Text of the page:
FIU: The one area of uncertainty about the Sun Belt favorites is the quarterback. Jake Medlock's got more physical talent than Wesley Carroll by half a lap, but not Carroll's experience. As Louisiana-Monroe coach Todd Berry said, guys like Arkansas State's Ryan Aplin, Monroe's Kolton Browning, Lou-La's Blaine Gauthier and others have been around long enough that you're not going to fool them.
I asked Mario Cristobal if he wanted to ease Medlock in, tell him not to take too much on his back, or just let Medlock be Medlock (sort of Joe Kapp with a better arm).
“Jake’s not an ease in kind of guy,” Cristobal said. “It’s not in his nature and it’s really not the nature of the offense. The offense is very fast-paced and aggressive. The combination of having a mature defense, a kicking game that should be in the upper tier of the conference, hopefully in the country as well; having a running game, the offensive line, another year under his belt, a guy like Kedrick Rhodes, like Darian Mallary, Jeremiah Harden, Shane Coleman coming on, all those things together should make it so that it’s not all on Jake’s shoulders.
"Now, Jake does have a big arm, so he does expose some areas that we haven’t been very efficient at the last couple of years. But he’s not a pressure overridden kid, being the son of a coach, having played for so long.”
As far as any competition for the quarterback slot, “Jake is clearly in front. We’re going to push because we need (freshman E.J.) Hilliard and Lorenzo Hammonds to play. Lorenzo’s going to play. He’s earned that time already. Hilliard’s capable of earning some playing time. To me, the best approach with Jake is ‘you be you and not worry about having to lead everybody.’ We have mature guys up front. We have mature guys back there. Those guys will help him settle down some. He needs to be efficient, smart with the football and accurate. He needs to make good decisions. He needs to get on the gorund and slide when it’s time to slide. He doesn’t have to get outside of that. Not until he’s a junior or senior. He’s only a redshirt sophomore.”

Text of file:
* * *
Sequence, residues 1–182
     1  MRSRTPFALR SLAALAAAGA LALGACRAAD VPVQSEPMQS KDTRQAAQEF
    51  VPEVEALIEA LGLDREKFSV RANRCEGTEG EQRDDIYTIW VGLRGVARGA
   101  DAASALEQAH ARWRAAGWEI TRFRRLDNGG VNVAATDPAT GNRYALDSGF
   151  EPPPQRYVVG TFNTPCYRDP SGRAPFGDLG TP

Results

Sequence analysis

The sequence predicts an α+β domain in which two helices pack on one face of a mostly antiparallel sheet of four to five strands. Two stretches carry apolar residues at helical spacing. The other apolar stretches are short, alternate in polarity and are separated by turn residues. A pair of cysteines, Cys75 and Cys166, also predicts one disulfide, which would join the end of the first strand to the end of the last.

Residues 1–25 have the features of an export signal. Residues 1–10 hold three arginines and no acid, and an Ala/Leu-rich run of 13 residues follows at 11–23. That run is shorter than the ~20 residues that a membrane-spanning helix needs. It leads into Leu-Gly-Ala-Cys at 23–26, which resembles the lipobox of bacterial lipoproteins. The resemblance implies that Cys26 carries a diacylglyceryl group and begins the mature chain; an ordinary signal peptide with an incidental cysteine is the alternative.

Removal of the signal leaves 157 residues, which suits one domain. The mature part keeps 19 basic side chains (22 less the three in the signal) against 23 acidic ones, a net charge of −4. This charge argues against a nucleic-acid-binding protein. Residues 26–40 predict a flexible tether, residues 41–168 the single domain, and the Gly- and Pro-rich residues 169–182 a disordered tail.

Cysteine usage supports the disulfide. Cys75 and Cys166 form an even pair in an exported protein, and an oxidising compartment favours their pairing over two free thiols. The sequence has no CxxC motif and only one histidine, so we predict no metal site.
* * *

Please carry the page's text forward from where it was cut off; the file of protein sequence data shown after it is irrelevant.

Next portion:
Arkansas State: Ryan Aplin, the 2011 Sun Belt Player of the Year, and wide receivers Josh Jarboe and Taylor Stockemer return. That alone guarantees points. But seven lost starters on a defense that allowed the fewest yards and points in Sun Belt games could mean Aplin better enter some games thinking, "Fifty."
"Youth and inexperience definitely concerns me," new Arkansas State coach Gus Malzahn said. "We don't know what we're going to get. And we open up against Oregon. That's a huge challenge. It looks like a video game when you watch them on film. So we'll need to grow up in a hurry."
Their first two Sun Belt games, their fifth and sixth games of the season, are against Western Kentucky and at FIU.
Louisiana-Layfayette: Lou-La's got nine starters back on offense. Tight end Ladarius Green, one of the Sun Belt's four or five best players last year, one of the two but they should still put up points by the peck behind quarterback Blaine Gauthier. Once Lou-La coach Mark Hudspeth started calling more passing plays for Gauthier their game against FIU, he realized who his quarterback was and how to use him along with a strong running game. A Louisiana reporter told me Gauthier threw more last year than he probably during his entire high school career.
Lou-La gets FIU at home, where they drew and played well last year, but it's Sept. 29. That's pretty early for a defense that lost seven starters off a defense that got turnovers and seven Pick Sixes, but wasn't terribly sound. Hudspeth said his team would be "probably more talented on defense, but less experienced" and admitted last year Lou-La was "a little too exciting," having to outscore too many teams.
Western Kentucky: Willie Taggart's a Western alumnus and was an assistant at Western for eight seasons. Yet Taggart's team plays like Ohio State or Michigan from the "three yards and a cloud of dust" Ten Year's War Big Ten days: physical team featuring a pounding running game, tough defense against the run (not as tough against the pass) and an iffy passing attack. I half expect Western to put down worn artificial turf at any minute.